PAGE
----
Buying Cheaply Could Cost You Money

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Could you buy a rising stock too early? Many people say you can’t. They believe the sooner you buy the better. And this makes sense… clearly, the most profitable entry point is at the lowest price. So it’s totally understandable that many people what to buy at the first sign of strength.

But getting in early can also be a trap. You see, stocks in downtrends also experience periods of rising prices. And traders often mistake these for the start of a new uptrend. But before they know it, the shares are again making new lows.

So how do you put the odds in your favour when you buy?

Well, I’ll tell you what I do. I use a 50 and 100 day moving average. I won’t go into detail about moving averages now… that’s a story for another day. But I will say this… my moving average combination is slow to react to price changes.

Check this out:

This is the price chart for EML Payments. My system gave a buy signal for the shares as they were breaking higher.

Now, look closely at the lines on the chart. These are the moving averages. I’ll only buy if the red 50-day average is above the blue 100-day average. There are of course other entry criteria. But these don’t come into play until the averages cross.

But could the entry point have been better?

Some people say that a 50 and 100 day moving average combination is too slow to react. They’ll say it’s better to use moving averages that respond faster to changing prices. They believe this would potentially give earlier entry signals.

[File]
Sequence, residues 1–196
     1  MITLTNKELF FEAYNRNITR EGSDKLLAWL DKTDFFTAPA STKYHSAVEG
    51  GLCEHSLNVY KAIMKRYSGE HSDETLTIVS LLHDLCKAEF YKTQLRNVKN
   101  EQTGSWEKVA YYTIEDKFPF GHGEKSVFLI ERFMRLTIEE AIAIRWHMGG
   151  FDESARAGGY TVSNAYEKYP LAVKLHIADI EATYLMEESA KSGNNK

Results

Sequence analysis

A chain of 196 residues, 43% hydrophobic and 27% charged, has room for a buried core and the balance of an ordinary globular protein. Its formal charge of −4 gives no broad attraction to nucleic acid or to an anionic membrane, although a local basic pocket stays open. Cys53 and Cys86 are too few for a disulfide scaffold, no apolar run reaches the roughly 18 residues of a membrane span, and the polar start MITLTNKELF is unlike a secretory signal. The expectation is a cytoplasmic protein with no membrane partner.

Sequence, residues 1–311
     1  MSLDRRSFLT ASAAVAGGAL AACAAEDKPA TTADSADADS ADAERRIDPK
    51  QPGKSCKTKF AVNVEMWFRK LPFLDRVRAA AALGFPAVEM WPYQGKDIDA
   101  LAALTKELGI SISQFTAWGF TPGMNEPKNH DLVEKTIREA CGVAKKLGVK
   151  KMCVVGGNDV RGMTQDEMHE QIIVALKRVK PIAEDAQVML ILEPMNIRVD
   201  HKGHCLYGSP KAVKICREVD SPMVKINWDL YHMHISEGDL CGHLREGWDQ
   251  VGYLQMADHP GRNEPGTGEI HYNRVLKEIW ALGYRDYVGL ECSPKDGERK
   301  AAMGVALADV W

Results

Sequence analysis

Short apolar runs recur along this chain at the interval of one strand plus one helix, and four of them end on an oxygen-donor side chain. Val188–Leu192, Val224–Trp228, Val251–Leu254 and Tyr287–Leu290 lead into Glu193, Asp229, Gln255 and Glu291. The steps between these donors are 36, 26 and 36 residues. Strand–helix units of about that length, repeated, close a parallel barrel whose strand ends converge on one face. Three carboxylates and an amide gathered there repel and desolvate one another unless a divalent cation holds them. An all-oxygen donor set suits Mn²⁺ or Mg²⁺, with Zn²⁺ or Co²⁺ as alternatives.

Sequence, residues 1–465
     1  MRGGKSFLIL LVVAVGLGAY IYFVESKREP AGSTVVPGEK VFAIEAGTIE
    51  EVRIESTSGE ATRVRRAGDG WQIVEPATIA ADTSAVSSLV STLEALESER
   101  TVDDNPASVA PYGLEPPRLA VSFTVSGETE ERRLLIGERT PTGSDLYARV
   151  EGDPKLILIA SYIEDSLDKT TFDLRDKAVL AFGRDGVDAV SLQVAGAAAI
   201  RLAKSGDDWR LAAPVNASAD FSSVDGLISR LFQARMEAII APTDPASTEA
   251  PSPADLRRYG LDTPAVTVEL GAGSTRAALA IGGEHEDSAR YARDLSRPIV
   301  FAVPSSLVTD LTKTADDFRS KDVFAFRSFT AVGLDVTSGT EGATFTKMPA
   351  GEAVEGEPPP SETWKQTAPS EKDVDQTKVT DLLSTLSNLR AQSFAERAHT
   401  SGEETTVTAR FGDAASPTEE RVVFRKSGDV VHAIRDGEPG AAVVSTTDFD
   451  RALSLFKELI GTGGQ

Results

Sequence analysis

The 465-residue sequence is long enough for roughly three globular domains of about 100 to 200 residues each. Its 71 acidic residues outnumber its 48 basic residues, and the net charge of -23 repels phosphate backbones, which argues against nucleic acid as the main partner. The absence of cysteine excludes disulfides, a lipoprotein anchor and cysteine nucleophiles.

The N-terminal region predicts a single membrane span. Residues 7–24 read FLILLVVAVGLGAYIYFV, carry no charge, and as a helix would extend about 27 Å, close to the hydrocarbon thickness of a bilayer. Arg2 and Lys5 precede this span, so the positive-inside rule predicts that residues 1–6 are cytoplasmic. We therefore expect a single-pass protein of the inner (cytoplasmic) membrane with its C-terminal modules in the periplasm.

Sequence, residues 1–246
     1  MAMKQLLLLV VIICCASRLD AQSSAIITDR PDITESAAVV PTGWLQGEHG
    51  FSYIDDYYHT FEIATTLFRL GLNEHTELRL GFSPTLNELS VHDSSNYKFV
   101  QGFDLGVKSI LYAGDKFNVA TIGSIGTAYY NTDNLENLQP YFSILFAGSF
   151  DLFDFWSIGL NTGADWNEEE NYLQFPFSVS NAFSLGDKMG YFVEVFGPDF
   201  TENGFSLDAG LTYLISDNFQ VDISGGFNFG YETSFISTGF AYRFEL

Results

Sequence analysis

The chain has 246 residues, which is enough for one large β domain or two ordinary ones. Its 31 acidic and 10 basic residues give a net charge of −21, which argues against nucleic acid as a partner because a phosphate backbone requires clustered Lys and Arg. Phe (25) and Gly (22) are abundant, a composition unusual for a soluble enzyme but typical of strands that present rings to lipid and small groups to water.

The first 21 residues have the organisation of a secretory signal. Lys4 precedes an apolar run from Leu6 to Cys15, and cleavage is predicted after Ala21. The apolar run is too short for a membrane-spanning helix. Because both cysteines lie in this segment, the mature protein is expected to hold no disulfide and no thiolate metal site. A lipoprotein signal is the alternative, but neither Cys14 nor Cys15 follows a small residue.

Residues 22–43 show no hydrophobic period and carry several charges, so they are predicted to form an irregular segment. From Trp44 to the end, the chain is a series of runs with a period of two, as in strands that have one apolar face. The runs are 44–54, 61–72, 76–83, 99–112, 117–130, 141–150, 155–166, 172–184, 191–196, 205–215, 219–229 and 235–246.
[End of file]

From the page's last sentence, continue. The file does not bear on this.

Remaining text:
And do you know what? They’re right. Have a look at this:

This chart shows EML over the same time period… but this time I’ve made a change to the moving averages. Rather than using 50 and 100 days, they are now set at 20 and 50 days. This makes them quicker to adjust to price changes.

And this makes a big difference… the entry point is two months earlier than the first trade. There’s no doubt that buying earlier has advantages.

But you know, there’s a bit more to it… a mistake many traders make is to only consider the positives. In doing so, they overlook a strategy’s weak spots. And these could cancel out some, or even all the benefits.

Check this out:

This is a hypothetical trade in Domino’s Pizza. It uses 20 and 50-day moving averages — just like the previous example. But this trade ends in a loss. You see, the rally that triggers the entry isn’t the start of a recovery. It’s simply a correction within a larger bearish trend. The shares still have a long way to fall. This is the flipside of fast-acting indicators: They often produce more false signals.

Now have a look at what happen when we stitch back to the 50 and 100-day averages:

Focus your attention on the moving averages. You’ll notice they never cross. The system classifies the stock as being in a downtrend and does not trigger an entry.

Remember what I said earlier: I use moving averages that react slowly to price changes. This is because they calculate the average share price over periods of 50 and 100 days.

Yes, every trader wants to buy early. But this could come at the cost of higher turnover and more losses. You may find that any extra profit goes towards paying for the false starts and a larger brokerage bill.

My focus isn’t on short-term plays. I aim to get on big medium-term price trends. Some of these moves could last for more than a year. In this setting, buying at the lowest price isn’t necessary. Instead, I believe the better strategy is to give a trend time to develop. This can help improve the odds that a stock keeps running.

So that’s all for this week. If you liked this video, or even if you didn’t, scroll down and leave me a comment, or maybe a thumbs up. Also, if you’re watching this anywhere other than my website then head over and have a look.

So until next time, I’m Jason McIntosh, and let’s find some trends this week.

Meet Jason

I'm Jason McIntosh, the creator of Motion Trader. My career began in 1991 on the trading floor at Bankers Trust. Nowadays, I trade my own systems from home in Sydney. 
Motion Trader is for investors who value robust analysis, data driven entry and exit signals, commentary, and education. I use engineered algorithms to identify when to buy and sell ASX stocks. No biases or guesswork, just data driven signals.